Lascaux... we’re talking about an exceptional work of art, a world heritage! We also did a lot of research on lighting for this one: on the rock, on the matter. When we focused on matter, very often, the colour of paintings was toned down. We had to balance between light and darkness. A tremendous and fascinating work, for art’s sake! Working on matter, on engraving and on lighting moves was complex. Corpus Lascaux remains a wonderful professional adventure which lasted from 1981 to 1983.

* A three years shooting?

We weren’t allowed to stay more than 2 weeks at a time in the cave in order to avoid a thermal overheating that would have damaged the paintings. That is why we went there in March, when the cave was the coldest.

* Any other highlights in your career?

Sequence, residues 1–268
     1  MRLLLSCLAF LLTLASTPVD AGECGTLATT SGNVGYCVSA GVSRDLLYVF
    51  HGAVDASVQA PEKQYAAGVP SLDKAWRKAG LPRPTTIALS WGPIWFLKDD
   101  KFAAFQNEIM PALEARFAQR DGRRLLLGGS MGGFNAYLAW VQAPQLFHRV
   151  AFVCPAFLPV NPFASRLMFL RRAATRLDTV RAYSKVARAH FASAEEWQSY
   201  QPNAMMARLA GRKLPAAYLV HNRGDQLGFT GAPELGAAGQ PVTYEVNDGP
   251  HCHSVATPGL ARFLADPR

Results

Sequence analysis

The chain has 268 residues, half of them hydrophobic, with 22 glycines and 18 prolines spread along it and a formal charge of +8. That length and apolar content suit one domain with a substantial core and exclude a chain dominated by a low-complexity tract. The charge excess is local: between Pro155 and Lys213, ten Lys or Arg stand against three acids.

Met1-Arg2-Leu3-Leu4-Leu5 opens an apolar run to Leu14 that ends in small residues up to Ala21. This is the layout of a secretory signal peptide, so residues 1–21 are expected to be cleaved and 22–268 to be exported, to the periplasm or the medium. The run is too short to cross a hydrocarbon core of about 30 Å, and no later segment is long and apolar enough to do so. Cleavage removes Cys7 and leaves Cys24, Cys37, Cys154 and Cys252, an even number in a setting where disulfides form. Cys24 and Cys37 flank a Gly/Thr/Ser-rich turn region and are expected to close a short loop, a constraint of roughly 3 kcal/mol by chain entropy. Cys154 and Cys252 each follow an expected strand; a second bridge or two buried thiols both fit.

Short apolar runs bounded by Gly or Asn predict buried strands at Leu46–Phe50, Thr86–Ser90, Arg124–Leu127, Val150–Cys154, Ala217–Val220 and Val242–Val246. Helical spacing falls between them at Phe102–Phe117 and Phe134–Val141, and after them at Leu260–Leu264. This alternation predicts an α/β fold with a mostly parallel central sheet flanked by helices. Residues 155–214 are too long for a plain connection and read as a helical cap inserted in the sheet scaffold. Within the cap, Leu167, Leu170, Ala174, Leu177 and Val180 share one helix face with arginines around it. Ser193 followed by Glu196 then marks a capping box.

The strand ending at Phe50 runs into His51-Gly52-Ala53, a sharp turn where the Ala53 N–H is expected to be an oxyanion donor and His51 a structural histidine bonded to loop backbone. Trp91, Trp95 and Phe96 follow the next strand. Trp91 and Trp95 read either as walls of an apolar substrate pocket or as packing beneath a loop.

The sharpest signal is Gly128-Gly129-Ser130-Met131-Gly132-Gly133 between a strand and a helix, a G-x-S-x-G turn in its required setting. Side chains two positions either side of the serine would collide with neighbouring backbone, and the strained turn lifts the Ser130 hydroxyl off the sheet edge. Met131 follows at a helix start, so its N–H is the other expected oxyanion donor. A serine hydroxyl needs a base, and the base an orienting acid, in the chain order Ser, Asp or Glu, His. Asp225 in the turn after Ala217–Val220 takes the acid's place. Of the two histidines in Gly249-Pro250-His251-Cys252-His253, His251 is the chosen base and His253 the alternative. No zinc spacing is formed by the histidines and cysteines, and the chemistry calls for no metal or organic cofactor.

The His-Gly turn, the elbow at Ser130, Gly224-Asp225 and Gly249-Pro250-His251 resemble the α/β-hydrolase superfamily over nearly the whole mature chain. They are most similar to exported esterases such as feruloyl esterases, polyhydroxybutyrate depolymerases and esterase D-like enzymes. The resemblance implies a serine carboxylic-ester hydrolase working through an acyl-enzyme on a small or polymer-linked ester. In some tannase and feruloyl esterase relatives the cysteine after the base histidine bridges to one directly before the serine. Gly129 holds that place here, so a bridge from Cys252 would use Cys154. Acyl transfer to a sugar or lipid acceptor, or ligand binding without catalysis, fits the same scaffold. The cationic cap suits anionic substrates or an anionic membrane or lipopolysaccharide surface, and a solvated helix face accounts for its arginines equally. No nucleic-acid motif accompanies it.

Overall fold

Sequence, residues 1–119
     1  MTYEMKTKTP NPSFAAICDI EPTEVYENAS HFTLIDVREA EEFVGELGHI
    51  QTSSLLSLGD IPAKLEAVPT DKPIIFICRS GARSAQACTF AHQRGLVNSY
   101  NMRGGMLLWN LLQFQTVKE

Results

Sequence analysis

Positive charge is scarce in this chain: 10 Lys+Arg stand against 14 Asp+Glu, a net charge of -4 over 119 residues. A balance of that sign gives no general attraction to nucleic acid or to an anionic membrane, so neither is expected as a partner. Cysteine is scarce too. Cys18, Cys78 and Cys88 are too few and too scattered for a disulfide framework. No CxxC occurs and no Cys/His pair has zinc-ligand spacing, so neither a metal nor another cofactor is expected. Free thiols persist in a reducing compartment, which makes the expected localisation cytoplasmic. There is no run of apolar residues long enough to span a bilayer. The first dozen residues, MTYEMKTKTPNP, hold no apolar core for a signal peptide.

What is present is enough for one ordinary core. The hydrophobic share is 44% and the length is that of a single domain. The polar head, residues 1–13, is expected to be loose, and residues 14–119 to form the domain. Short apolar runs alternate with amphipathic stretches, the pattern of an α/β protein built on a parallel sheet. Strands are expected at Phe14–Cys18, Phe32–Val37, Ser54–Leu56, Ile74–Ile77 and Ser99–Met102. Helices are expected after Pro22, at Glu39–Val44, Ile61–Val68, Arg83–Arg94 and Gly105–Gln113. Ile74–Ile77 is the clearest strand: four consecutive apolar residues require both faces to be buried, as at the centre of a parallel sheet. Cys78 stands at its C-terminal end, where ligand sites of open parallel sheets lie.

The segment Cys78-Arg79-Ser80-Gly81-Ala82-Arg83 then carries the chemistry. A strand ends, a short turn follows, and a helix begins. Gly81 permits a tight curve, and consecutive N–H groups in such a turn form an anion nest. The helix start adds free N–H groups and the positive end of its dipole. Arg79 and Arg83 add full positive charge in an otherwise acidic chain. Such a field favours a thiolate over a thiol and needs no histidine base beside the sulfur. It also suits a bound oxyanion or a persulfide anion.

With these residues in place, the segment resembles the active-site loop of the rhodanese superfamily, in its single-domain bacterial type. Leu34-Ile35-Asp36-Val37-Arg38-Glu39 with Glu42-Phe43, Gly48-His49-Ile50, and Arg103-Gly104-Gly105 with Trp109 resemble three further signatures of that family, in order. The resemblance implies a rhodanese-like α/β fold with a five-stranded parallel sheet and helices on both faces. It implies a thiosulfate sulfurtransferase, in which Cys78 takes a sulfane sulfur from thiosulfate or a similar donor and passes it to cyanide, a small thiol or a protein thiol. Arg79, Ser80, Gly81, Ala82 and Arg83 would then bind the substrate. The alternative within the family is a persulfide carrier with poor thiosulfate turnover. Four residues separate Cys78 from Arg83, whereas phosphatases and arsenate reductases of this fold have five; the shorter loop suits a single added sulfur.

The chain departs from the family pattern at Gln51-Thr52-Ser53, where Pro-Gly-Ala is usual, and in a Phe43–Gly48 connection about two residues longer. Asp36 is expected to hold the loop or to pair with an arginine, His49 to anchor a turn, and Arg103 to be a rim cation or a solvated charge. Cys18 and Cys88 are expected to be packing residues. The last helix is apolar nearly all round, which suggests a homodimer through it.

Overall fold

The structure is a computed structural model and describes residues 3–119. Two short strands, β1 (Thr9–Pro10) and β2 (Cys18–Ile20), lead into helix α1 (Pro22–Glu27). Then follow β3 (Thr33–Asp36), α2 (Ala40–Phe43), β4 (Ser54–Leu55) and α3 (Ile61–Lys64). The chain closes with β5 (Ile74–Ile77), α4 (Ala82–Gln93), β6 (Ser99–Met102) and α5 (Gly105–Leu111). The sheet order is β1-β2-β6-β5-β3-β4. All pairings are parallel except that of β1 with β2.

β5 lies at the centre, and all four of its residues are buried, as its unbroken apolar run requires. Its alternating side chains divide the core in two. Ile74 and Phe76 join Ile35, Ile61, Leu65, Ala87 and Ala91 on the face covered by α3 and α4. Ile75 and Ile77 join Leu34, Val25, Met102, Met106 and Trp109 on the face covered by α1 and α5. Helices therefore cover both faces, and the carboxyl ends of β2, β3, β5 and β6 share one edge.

You’re catching me off guard, but I went on wonderful trips and met wonderful people. From bums to the Pope, including scientists, engineers, spies, politicians, writers and so on. The most amazing thing is the world of oil and espionage that I discovered while working on two documentaries for television: Les Dossiers Noirs (Black Dossiers.)

* You’ve been working with Fabrice Maze for a long time now, do you still have things to say to each other?

No, we don’t have anything to say to each other anymore (laughs.) We work together since 1972! He knows what I can do and I know what he wants me to do, though we can still find new approaches sometimes. There’s a lot of feedback between us on shootings. As for works of art, we discuss each new situation, and the rest comes naturally. Each author, each character, each writer is a different person, so you can tell different things about each work of art.

* What would you say to an aspiring DP?